The New Dealer

  • December 4December 2018 Edition

The Key to “The Theory of Everything”

Muhammad Ahsan, Reporter

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If you are a science geek, then you probably already know about Einstein’s theory of general relativity and the standard model. So, what are the theory of general relativity and the standard model? For those who like to spend their time not reading about science stuff, and like to actually have fun in their free time, the theory of general relativity states that gravity interacts with space and time to form the world around us. The standard model works on the quantum level. According to this, all matter is made up of building blocks called elementary particles. So, all of the matter can be broken down into atoms and subatomic particles (protons, electrons, neutrons). In short, there are 12 basic building blocks of the universe: six quarks, and six leptons. Then there are fundamental forces like strong and weak nuclear forces, electromagnetism, and gravity. These along with the building blocks make up the known universe.

The problem is, all of these fundamental forces have a carrier particle (like photon for electromagnetic, gluon for strong nuclear force, and W and Z boson carry the weak) except for gravity. The biggest conundrum of our age is that standard model and theory of general relativity don’t match. If we figure this out, we will have the “Theory of Everything” (yeah, scientists are not really good at coming up with creative names).

There is a theory that was first proposed in 1968, known as the “String theory” (what did I tell you about scientists naming stuff). According to this theory, each elementary particle is just a different version of a very tiny loop of string. This loop of string oscillates differently to create different particles. If we consider this true, then we get that sweet spot where all the fundamental forces are in harmony.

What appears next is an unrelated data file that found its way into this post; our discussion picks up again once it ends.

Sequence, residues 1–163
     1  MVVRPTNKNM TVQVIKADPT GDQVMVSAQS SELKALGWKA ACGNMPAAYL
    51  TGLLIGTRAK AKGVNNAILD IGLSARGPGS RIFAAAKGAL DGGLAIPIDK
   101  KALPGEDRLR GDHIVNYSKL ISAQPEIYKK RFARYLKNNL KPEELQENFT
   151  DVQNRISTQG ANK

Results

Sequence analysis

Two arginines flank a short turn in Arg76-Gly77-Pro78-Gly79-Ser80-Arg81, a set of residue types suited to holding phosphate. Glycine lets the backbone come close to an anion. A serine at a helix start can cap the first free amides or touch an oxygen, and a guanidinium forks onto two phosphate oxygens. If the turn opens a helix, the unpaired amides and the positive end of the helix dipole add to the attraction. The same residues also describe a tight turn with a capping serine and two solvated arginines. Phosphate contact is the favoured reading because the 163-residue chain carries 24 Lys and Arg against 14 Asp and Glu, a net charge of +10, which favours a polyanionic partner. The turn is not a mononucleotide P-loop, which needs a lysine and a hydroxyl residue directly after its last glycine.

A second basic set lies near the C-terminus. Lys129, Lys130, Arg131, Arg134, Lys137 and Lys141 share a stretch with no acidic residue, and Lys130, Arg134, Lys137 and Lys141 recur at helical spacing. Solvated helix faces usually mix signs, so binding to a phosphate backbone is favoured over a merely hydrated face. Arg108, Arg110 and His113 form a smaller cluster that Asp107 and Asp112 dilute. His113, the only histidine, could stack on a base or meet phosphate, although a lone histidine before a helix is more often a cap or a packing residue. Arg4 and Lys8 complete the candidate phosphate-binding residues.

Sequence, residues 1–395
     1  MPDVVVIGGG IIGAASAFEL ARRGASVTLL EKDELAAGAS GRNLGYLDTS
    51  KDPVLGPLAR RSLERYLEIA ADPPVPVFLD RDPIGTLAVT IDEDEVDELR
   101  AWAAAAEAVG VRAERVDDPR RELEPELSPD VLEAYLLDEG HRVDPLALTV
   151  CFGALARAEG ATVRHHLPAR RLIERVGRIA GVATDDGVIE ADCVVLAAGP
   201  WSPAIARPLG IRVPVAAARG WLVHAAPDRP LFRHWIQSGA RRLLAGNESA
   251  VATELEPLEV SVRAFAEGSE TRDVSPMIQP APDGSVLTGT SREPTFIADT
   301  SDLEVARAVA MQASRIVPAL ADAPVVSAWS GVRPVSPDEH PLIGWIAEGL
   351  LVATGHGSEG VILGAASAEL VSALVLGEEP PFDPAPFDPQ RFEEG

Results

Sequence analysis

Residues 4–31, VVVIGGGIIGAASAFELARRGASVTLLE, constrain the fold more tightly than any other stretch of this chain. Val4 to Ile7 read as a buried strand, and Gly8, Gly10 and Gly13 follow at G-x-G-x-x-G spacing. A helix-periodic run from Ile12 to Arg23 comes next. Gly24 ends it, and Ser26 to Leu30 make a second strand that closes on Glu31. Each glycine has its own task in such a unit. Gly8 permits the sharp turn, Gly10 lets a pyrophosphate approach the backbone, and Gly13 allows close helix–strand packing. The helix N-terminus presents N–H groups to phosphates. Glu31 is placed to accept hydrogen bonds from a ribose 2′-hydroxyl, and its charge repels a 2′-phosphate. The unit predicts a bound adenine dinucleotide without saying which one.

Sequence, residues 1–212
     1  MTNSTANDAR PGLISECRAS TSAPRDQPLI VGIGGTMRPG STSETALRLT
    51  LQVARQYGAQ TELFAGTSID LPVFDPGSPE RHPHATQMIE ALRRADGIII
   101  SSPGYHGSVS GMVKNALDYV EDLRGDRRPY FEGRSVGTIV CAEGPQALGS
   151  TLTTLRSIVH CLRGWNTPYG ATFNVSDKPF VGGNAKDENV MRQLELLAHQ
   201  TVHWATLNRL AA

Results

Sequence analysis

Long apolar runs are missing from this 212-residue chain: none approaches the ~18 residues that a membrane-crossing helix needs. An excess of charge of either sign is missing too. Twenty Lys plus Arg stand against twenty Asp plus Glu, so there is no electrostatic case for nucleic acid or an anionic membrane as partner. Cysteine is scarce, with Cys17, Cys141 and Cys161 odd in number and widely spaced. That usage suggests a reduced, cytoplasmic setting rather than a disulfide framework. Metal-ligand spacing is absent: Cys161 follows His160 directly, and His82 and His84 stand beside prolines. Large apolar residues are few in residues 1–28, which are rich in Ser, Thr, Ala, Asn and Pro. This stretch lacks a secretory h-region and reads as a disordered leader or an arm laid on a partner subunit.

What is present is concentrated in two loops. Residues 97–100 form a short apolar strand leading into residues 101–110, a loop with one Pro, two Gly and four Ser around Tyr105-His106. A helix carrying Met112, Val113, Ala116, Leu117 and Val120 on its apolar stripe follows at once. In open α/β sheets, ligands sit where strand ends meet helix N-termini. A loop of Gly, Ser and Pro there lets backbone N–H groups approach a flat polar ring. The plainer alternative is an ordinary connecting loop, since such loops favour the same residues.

There are some pretty unbelievable things about the universe if we consider string theory to be accurate. For instance, it requires the universe to have at least 10 dimensions. We only perceive 4 dimensions: up-down, right-left, forward-backward, and time flow. Another thing that is hard to believe is compactification. Compactification is the idea that the other dimensions are folded down in a way that keeps us from perceiving them (come on, just make parallel universes official already). An example of this would be paper, when you look from a certain angle it only appears as a thin line despite its big surface area.

Our knowledge is limited when it comes to the functionality and behavior of the universe. In the future, however, with continuous research, we might solve this mystery and unveil the theory of everything.

Source: https://curiosity.com

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The Key to “The Theory of Everything”